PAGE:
Basic Computer Troubleshooting.
Start with the basics
In this section we will look at basic computer troubleshooting. We will not delve to deep into this subject, cause it is, basic troubleshooting.
Don't discard this section as unimportant. Many problems can be fixed by just doing the basics correct. Many times we try to delve to deep into finding the problems that we forget to check the basics.
Don't think that this section is only for PC's, some of these techniques can also be applied to bigger server systems.
I have been doing computer support for almost 15 years, and a lot of the problems were basic things like power not connected or cables that's not plugged in.
I have listed some points that you can look out for when troubleshooting you computer.
What has changed since yesterday?
Sometimes we try to fix something that is not broken.
For instance, some time ago I did hardware training for some students on a high en Fujitsu server. The M8000, to be exact.
Part of the training was basic computer troubleshooting and physical hardware replacement. The students had to simulate replacing components on the system that failed.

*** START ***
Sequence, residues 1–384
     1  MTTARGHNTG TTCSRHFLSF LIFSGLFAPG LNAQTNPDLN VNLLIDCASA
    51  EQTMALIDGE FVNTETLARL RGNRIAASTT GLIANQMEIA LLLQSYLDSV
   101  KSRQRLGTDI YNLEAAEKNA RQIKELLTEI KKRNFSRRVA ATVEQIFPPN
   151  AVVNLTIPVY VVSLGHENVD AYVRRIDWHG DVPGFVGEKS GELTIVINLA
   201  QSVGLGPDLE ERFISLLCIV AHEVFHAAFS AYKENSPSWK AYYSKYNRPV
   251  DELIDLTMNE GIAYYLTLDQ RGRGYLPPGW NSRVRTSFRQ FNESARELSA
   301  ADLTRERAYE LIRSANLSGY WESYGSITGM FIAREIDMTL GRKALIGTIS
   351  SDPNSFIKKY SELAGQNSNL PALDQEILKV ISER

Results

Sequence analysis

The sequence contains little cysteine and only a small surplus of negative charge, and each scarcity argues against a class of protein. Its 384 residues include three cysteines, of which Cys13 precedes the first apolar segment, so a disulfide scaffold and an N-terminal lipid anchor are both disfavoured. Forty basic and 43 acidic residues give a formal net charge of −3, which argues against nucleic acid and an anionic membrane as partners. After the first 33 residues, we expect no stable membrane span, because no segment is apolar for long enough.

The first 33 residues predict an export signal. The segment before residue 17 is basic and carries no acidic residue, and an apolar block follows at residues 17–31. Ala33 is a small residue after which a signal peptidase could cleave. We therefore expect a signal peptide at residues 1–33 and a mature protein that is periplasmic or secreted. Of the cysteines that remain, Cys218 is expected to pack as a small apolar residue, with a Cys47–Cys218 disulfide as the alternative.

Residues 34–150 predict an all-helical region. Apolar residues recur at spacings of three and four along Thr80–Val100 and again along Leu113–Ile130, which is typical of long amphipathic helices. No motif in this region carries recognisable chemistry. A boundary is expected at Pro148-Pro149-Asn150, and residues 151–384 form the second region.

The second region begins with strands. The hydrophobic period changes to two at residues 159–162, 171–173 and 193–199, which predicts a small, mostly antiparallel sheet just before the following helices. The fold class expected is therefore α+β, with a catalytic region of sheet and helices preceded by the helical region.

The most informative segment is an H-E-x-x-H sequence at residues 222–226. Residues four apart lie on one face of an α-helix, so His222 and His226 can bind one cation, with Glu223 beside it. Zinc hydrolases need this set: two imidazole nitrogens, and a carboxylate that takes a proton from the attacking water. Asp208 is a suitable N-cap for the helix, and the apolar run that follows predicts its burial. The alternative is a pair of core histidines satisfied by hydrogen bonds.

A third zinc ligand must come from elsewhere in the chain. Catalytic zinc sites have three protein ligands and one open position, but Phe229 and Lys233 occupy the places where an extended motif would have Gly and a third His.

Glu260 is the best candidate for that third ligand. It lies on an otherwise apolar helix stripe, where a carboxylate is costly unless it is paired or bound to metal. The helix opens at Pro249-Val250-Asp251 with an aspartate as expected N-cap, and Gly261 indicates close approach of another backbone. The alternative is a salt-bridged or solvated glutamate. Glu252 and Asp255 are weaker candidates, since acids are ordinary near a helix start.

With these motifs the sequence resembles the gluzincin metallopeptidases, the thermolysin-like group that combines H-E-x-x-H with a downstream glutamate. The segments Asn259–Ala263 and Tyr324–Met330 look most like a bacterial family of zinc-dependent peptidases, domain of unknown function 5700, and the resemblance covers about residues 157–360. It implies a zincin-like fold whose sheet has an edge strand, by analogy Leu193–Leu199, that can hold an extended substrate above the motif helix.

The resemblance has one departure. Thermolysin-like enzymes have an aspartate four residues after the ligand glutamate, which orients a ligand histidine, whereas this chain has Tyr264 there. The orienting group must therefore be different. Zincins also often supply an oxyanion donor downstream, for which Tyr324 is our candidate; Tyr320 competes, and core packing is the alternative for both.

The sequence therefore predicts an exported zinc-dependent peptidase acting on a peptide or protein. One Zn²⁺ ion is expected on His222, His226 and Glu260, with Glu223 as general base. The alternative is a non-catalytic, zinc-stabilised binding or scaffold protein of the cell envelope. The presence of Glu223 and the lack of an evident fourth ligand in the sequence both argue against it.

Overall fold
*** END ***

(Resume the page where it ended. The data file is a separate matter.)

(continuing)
The M8000 has a back plane where all the boards and components slot into. This component is replaceable and they wanted to simulate replacing it.
Simulating means, taking the component out and then placing the same component back again. It's just for practice.
Anyway, they started the procedure and I supervised the whole time.
After removing the back plane they started to insert it back again. After about 2 hours they were finished. Then they powered it on again.
When the system powered on there were some power supply errors. The system reported that some power supplies were either not connected or not working. No input voltage.
So, the students started basic computer troubleshooting and immediately started fiddling with the power supplies trying to fix that.
They swapped it, they moved it, they tried to power them up, they tried everything that could be done to a power supply to make it work again.
This is where I stopped them and asked the question, "What has changed since the system was working". "We did basic computer troubleshooting and replaced the back plane", they all replied.
Yep, indeed, they replaced the back plane. So why are they trying to fix the power supplies. It was working before, wasn't it?.
I asked them to check all the cables and connections on the back plane and to make sure that these were all connected. I asked them to do basic computer troubleshooting. They had to go through the whole procedure again to get to the back plane connections.